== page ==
So, you’ve decided that you’re ready to spread your wings and relocate to another state for your next career move. If so, you’re not alone. A recent survey from MSN shows that 1 in 4 jobseekers are willing and ready to relocate in order to facilitate a career change. With those statistics, you might think that employers are open to candidates from varying locales, but ask any number of job seekers who have been in the hunt for a job outside of their current area, and you will likely find that securing a position in another state is a bit more challenging than you’d expect. Oftentimes employers do not offer relocation packages, and they may look poorly on candidates from different areas because of the time and effort that it would take to have them move to the job location. Sometimes employers just don’t want the bother.
So, what can you do about it? Below are three tips to help you move your interstate job search forward.
- – Remove location markers from your resume
Most recruiters agree that when they see a resume with an out of state address, it comes off as something of a red flag. They anticipate that employers will give pushback on those candidates, and therefore they are moved to the bottom of the “priority list”. One of the easiest things that you can do to make yourself more competitive in the out-of-state job market is to remove your address from the document altogether.
Also, keep in mind that an address is no longer an important element of the resume – in fact, it is pretty erroneous information at this point. You would be better served to use the area traditionally reserved for your address to instead showcase a link to your Linkedin profile or a headline introducing yourself to the employer.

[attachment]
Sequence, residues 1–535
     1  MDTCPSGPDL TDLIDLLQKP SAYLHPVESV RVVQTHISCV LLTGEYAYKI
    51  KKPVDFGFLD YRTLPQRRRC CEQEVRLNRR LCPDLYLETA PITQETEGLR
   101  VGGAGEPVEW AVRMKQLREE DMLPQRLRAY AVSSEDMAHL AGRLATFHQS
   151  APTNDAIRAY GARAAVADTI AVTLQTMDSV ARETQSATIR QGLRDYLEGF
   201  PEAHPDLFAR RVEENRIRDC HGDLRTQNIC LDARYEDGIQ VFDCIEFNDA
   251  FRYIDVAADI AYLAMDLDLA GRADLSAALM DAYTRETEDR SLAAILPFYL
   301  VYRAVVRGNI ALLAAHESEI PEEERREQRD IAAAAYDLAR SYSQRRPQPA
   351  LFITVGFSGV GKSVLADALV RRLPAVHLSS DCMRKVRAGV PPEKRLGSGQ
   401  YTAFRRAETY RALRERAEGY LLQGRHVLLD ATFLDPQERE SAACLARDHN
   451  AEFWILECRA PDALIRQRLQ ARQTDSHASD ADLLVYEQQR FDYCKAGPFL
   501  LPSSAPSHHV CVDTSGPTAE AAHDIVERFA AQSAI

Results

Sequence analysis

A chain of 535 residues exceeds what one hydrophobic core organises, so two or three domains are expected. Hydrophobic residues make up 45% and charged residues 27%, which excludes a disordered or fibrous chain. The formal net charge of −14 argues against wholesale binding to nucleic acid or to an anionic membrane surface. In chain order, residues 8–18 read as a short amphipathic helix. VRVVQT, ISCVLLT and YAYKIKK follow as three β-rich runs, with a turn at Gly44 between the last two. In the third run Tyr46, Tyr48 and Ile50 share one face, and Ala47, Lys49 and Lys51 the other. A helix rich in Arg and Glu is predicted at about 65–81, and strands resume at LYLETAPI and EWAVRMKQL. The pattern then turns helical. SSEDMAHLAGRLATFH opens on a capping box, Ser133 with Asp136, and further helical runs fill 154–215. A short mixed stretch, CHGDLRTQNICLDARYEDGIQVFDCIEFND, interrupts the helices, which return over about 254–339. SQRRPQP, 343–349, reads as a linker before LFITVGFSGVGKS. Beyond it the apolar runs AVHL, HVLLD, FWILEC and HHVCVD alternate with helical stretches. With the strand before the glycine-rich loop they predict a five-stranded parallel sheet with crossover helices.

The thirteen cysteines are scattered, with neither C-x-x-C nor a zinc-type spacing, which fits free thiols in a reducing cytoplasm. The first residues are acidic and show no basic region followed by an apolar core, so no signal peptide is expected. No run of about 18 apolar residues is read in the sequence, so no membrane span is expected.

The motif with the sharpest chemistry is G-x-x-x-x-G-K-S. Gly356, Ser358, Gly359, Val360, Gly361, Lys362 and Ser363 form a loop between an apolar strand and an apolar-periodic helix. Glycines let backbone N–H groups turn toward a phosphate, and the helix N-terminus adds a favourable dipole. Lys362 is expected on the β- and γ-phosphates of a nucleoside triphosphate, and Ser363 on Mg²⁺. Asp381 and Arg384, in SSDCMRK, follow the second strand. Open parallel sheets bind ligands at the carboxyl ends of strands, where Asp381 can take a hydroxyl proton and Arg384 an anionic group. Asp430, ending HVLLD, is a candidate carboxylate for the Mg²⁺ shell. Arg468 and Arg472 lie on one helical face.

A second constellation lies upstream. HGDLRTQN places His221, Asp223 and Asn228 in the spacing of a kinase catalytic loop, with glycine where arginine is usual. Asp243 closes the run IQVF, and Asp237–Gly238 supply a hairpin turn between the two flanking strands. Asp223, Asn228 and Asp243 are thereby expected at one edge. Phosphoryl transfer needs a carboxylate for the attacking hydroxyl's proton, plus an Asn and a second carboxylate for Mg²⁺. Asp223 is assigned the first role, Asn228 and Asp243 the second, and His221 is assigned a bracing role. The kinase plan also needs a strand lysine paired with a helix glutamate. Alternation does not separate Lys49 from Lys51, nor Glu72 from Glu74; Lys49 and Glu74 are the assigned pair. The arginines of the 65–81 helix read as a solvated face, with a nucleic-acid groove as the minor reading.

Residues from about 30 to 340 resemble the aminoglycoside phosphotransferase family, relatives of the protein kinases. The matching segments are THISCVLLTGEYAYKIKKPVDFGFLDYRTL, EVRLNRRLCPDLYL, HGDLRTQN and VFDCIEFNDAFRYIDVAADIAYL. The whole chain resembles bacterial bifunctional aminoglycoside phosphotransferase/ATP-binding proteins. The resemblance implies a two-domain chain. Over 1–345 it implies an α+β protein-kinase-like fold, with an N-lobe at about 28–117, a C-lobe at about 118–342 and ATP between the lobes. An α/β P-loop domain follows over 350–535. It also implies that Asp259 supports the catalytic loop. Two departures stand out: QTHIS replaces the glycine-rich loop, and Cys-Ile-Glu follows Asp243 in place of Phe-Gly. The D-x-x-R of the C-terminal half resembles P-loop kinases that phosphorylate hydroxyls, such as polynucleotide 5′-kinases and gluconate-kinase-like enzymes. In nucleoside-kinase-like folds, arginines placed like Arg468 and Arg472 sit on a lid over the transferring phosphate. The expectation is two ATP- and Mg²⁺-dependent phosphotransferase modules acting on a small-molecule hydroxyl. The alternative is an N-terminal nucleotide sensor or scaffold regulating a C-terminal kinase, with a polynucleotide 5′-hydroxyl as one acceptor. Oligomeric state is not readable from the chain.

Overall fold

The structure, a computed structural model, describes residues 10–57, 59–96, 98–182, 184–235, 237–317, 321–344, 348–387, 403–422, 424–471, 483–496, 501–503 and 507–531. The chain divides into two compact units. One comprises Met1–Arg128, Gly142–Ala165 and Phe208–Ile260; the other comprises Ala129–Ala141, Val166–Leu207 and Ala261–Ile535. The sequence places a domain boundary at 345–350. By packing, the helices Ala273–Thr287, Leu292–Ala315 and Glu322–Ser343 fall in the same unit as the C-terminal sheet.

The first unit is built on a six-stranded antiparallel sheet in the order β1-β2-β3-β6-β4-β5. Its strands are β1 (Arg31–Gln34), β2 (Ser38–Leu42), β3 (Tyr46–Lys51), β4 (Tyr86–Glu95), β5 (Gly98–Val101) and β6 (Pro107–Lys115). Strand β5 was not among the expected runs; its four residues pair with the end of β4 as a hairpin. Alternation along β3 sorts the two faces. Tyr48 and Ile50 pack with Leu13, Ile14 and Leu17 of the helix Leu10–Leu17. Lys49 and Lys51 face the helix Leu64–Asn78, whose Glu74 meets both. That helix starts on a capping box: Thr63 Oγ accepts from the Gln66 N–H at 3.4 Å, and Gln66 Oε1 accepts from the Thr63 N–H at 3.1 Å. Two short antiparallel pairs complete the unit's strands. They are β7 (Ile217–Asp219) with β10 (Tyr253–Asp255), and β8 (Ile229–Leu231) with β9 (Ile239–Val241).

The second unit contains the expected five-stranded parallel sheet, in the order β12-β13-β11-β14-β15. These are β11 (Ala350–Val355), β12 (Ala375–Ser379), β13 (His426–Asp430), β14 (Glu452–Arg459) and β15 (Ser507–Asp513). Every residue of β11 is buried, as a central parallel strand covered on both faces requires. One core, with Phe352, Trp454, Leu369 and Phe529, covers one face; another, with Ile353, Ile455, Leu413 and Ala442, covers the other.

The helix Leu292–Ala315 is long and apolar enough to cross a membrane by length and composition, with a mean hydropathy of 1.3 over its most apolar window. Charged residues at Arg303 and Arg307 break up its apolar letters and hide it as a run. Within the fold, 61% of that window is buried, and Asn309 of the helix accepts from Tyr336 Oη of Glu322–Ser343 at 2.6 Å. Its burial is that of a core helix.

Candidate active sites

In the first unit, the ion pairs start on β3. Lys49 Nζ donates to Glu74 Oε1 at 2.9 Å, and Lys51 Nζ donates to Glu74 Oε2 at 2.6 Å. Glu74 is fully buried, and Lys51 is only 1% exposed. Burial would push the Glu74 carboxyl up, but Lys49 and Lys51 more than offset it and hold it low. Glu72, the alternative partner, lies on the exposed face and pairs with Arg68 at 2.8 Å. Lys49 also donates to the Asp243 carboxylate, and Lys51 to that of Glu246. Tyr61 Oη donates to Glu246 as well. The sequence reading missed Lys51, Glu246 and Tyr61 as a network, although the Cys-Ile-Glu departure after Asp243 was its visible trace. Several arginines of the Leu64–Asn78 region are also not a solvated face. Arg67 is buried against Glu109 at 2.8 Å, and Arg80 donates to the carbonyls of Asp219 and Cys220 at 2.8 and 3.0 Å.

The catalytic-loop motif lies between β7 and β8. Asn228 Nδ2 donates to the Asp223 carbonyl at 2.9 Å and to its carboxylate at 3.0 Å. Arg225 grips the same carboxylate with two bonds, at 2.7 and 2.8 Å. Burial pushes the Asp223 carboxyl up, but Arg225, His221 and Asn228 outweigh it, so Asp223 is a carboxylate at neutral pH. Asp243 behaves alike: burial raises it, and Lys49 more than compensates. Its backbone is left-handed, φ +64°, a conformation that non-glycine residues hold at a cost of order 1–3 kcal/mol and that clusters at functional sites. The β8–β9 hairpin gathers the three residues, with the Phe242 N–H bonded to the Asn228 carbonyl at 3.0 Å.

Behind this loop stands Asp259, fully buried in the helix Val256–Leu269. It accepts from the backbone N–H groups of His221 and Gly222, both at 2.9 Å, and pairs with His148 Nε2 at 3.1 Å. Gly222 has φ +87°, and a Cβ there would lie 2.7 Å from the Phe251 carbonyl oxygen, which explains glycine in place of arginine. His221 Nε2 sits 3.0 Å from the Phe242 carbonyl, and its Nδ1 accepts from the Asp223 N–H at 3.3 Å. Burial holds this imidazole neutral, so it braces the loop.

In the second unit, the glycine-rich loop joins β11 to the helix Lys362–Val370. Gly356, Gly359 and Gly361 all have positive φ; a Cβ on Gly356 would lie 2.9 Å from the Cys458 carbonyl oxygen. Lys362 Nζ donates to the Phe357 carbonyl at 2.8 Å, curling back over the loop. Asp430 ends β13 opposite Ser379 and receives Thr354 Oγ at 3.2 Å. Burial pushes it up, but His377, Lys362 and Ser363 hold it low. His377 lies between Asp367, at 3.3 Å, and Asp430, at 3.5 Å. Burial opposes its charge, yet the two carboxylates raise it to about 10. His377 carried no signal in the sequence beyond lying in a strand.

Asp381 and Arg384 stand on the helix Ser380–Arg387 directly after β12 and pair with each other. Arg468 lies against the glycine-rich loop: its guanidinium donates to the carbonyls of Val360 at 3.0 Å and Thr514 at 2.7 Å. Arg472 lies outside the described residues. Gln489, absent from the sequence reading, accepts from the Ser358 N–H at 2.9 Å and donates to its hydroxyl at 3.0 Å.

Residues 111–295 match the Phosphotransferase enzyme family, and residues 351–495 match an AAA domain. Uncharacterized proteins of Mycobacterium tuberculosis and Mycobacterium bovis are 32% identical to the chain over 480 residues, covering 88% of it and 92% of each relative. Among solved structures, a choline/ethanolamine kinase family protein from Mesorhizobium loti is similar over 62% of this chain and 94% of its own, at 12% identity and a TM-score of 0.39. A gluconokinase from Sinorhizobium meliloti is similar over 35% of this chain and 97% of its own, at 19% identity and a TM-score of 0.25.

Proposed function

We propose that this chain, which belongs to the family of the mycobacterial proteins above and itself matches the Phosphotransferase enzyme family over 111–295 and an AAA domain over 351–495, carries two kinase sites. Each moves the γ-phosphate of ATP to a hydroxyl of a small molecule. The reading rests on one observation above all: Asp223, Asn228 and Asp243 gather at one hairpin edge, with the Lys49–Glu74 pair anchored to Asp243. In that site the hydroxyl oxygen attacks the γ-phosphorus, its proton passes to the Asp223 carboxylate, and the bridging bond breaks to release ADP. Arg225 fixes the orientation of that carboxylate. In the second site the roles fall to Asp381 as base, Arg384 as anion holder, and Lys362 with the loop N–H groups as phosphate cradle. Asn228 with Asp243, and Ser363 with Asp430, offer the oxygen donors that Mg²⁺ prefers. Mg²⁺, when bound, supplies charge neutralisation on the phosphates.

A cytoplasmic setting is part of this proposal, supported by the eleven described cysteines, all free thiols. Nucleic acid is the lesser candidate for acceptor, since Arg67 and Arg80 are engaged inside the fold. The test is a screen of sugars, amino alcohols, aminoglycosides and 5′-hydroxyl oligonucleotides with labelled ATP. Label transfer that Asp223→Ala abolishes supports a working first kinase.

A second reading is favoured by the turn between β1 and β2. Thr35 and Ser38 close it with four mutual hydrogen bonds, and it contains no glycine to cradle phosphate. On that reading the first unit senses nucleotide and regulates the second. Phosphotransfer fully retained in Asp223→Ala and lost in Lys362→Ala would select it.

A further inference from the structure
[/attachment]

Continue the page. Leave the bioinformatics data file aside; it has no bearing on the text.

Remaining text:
You can also take it a bit farther and remove the locations of previous jobs that you have held as well (since this is also not pertinent information) and use the Google voice app to create a local phone number. These two strategies are less common, but still considered acceptable according to most recruiters.
- – Talk about it and BE HONEST
Once you’ve been called for an interview, it is best to address the topic upfront. When talking with a potential employer, you should use affirmative language and reference a time-frame for your move. For example, you might ask for a Skype or phone interview for the first round. At that point, you would let the company know that you are planning to relocate by saying something along the lines of, “Yes, I currently live in Ohio – however, I anticipate moving to Boston within the next 8 weeks.” You should also include that you are prepared to move at your own cost, as many companies rule out candidates for whom they feel they will have to make a substantial investment in up front (such as a relocation package).
Also take care not to lie or lead an employer on. I’ve often seen candidates use a local address on an application in order to avoid getting red flagged for being a non-local applicant. This is fine – however, be sure that you explain clearly to an employer that this is the address you anticipate staying at once you arrive in the area, and not your current address. Telling an employer you currently reside in LA with a current employer in Colorado is a sure fire way to get those red flags raised again, and, what’s worse, now you look like a liar to the hiring manager. Don’t do it – this is never a good idea.
- – NETWORK!
Aside from the above two tips, you should treat your out of state job search largely the way that you would a local search – with the exception of needing to cast a much wider net. Network with as many people as you can from your target area – Linkedin is a great tool for this. You should be making connections with people in your industry and preferred area – be diligent about this, and make sure any meetings/informational interviews/etc. are as fruitful and meaningful as possible.
You should also be prepared to make a few trips to your target area as well. Doing this will allow you to meet with your connections in real time, as well as become familiar with the area itself. Depending on your familial situation, you may also need to research housing, schools, etc. All of this will be much easier to do in person.